This landmark publication celebrates the 30th anniversary of International Labour Organization (ILO) Indigenous and Tribal Peoples Convention , the only binding multilateral treaty on the issue. While much has been achieved, progress has been slow. The “invisibility” of Indigenous peoples in official data remains a concern, as do persistent gaps in income and poverty. The numbers of Indigenous women subjected to discrimination, violence, and harassment are especially troubling. The publication concludes by calling for improved employment opportunities and strengthening programs for indigenous communities to meaningfully participate in law and policymaking.

Indigenous people and sentencing in Canada. Graeme McConnell. Government of Canada. Library of Parliament. Legal and Social Affairs Division. Parliamentary Information and Research Service. Publication No.2020-46-E. 22 May 2020. 18p. bit.ly/IndigenousSentencing [International]

This document reviews incarceration procedures for Indigenous peoples in Canada, attempting to identify and redress factors contributing to over incarceration rates. Canada requires judges to consider backgrounds of Indigenous defendants as well as systems of restorative justice (known as the Gladue Principles, after a Canadian Supreme Court Case) relevant to the person’s heritage. Despite this, rates remain unacceptably high. Difficulties include coordinating principles across provinces, a lack of funding for Gladue programming and reporting, and mandatory minimums.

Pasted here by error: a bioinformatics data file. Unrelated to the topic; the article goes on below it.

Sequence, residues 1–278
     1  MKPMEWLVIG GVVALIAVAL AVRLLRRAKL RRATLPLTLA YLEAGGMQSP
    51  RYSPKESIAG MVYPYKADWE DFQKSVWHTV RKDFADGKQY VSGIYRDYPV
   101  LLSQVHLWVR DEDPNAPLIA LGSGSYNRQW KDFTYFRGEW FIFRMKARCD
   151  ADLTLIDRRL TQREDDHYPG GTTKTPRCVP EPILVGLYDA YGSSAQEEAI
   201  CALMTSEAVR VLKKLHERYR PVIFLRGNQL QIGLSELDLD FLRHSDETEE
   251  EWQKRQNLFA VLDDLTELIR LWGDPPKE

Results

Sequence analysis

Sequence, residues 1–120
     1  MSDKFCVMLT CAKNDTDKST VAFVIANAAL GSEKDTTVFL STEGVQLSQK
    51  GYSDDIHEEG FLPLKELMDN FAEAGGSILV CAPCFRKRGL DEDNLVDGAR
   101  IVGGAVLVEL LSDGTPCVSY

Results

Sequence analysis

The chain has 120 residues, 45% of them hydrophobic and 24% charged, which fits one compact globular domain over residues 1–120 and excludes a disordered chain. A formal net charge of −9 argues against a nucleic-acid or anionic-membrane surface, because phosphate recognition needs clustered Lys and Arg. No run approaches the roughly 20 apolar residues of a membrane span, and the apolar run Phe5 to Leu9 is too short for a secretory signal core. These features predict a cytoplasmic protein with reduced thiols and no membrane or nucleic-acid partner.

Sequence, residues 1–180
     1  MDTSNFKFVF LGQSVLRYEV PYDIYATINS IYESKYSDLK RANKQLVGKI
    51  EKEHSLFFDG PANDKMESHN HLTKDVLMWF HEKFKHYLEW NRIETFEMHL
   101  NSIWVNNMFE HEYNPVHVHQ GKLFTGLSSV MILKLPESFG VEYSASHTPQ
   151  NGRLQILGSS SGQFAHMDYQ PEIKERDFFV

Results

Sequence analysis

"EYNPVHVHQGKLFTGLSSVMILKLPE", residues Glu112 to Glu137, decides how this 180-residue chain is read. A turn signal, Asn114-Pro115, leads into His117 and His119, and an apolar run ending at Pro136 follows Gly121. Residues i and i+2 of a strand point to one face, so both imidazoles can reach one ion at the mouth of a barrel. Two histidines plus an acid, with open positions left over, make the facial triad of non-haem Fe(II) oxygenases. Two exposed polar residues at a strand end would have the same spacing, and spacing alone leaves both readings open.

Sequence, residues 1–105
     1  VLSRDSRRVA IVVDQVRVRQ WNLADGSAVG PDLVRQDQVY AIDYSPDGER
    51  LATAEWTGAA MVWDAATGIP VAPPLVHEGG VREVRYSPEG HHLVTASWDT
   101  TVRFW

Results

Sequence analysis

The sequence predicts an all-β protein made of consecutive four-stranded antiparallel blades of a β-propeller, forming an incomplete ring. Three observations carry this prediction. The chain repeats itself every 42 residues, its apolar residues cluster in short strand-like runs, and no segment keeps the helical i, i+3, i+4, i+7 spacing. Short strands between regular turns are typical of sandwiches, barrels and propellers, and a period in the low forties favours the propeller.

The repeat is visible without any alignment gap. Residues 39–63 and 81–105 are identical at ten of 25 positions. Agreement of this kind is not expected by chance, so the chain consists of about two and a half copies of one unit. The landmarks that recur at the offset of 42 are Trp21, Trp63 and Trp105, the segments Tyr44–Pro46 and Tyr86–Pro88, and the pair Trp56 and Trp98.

Rights of Indigenous peoples: resolution adopted by the UN General Assembly on 18 December 2019. 9p. Symbol A/RES/74/135. bit.ly/UNRightsResolution [International]